But a digital version — an MP3 downloaded from iTunes or the Internet — captures just 70,000 bits.
For all of the hundreds or thousands of minute human-driven adjustments of microphones, sound boards, mixing and mastering that go into constructing a professional album, it’s a computer software program that uses a standard algorithm that decides which of the millions of bits of information aren’t necessary for the human ear — in effect, which parts of a song a listener can do without.
Dynamic ranges (louds and softs) and frequency responses (high and low notes) are often casualties of the compression process.
“The computer program has to take all this information and make it so it can cram down a little pipe and then make it sound good on the other end,” McMakin said. “But it’s like a computer program you put a short story into and it decides all the letter v’s are unnecessary.”
Sound quality then further depends on the consumer’s playback equipment — ear buds and laptop speakers, for example, versus higher-quality stereo systems.
“It’s very frustrating, but when the computer came in people plugged in those little speakers and they seem satisfied with that,” said John Corigliano, 73, a New York composer in contemporary classical American music circles who records with the Franklin-based Naxos label, the biggest classical music label in the world.
“I work long hours getting the sound quality just right,” he said.
To increase the quality available to fans, Corigliano is working with Naxos to produce audio Blu-ray versions of his orchestral compositions. But higher-quality sound isn’t cheap.
At about $19, Corigliano’s Blu-ray Circus Maximus is twice the price of the CD version of his work. No other major label is issuing sound-only Blu-rays, although the format has been used for concert films.
Klaus Heymann, Naxos president and founder, said the company has had to roll back its original plans to issue all new recordings on Blu-ray because it hasn’t yet caught on among consumers.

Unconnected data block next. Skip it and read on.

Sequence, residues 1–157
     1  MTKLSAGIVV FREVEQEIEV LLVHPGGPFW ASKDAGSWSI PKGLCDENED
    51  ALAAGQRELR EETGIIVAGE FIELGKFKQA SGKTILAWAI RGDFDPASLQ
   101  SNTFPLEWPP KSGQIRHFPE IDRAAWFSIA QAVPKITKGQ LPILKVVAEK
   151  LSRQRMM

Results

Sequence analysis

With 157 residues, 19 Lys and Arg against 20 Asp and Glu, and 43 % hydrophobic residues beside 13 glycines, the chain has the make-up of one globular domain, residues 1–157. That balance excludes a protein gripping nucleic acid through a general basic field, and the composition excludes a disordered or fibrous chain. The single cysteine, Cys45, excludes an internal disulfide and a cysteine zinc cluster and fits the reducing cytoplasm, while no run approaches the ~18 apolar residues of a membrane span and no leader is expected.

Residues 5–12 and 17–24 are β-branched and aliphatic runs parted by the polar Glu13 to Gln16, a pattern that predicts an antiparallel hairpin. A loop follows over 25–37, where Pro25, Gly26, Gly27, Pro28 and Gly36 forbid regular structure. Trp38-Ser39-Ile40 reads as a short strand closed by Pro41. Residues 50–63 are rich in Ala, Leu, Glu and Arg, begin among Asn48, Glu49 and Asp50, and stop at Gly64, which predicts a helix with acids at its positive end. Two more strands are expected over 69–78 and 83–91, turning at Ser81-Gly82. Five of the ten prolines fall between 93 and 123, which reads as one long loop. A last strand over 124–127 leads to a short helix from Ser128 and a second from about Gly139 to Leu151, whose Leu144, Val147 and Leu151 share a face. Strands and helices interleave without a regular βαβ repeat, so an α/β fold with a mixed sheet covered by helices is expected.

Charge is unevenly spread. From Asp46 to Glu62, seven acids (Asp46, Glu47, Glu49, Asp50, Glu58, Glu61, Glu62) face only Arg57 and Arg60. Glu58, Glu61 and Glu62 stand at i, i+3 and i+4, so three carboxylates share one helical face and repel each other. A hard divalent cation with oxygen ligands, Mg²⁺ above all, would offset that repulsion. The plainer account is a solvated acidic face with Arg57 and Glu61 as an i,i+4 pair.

“We are trying very hard to get other labels on board,” Heymann said. “Some who are not as financially strong as us don’t want to spend money on something that’s not yet a sure thing. But we think it will be because we’re seeing more people buy surround-sound TV systems, and we think consumers are going to understand that equipment is not only good for their video, it’s good for audio.
“The Hong Kong-based Heymann predicts that a proliferation of Internet-ready televisions in the near future probably will make listening to music on computers a short-lived phenomenon. Increasing Internet bandwidth to allow for bigger files that capture more sound information to stream or download also is critical, he said. That would allow for bigger digital files — a step that a handful of recording label executives also want to see.
Gibson jumps in
Nashville’s Gibson Guitar is counting on a resurgence of consumer interest in listening to music at home.
Recently, the longtime guitar maker announced it had created the Gibson Pro Audio division, which includes a partnership with Japanese consumer electronics manufacturer Onkyo to make and market stereo systems, speakers and home theater systems to consumers who, Gibson CEO Henry Juszkiewicz believes, want better-sounding music.
“With Onkyo, our goal is to bring the same exceptional experience artists demand in the studio to a larger consumer base,” the Gibson boss said.
Gibson’s Onkyo partnership includes high-end home system equipment that runs to the thousands of dollars, as well as receivers that run only a few hundred dollars.
That may be a big leap for many consumers, but others seem to be inching in that direction after years of eschewing bulky home systems.
In 2011, sales of such audio systems reached $4.4 billion, according to the Consumer Electronics Association. This year they’re projected to reach $4.53 billion. That’s still down from the $5 billion in sales in 2007.
“I don’t think we’ll ever go back to full-content audio and CD players in the home,” said Sean Murphy, senior analyst with the Consumer Electronics Association.
“But we’re seeing home receivers equipped with digital playing abilities running through a receiver that are 100 times better in terms of sound quality than listening to an iPod on a speaker dock.”
There are a few other factors giving some Nashville music makers optimism that consumers are ready to return to better-quality sound products. Gamers are demanding better audio to go along with increasingly sophisticated video systems, said McMakin, who last week recorded a full score by an orchestra for an upcoming Sony PlayStation game.
Bandwidth probably will expand, allowing for bigger digital music files that store more sound frequency.” My instinct is there’s going to be an ‘aha moment,’” McMakin said. “There’s going to be a generational shift where there will be more reasonable access to alternative formats than we have now, and people will hear the difference.”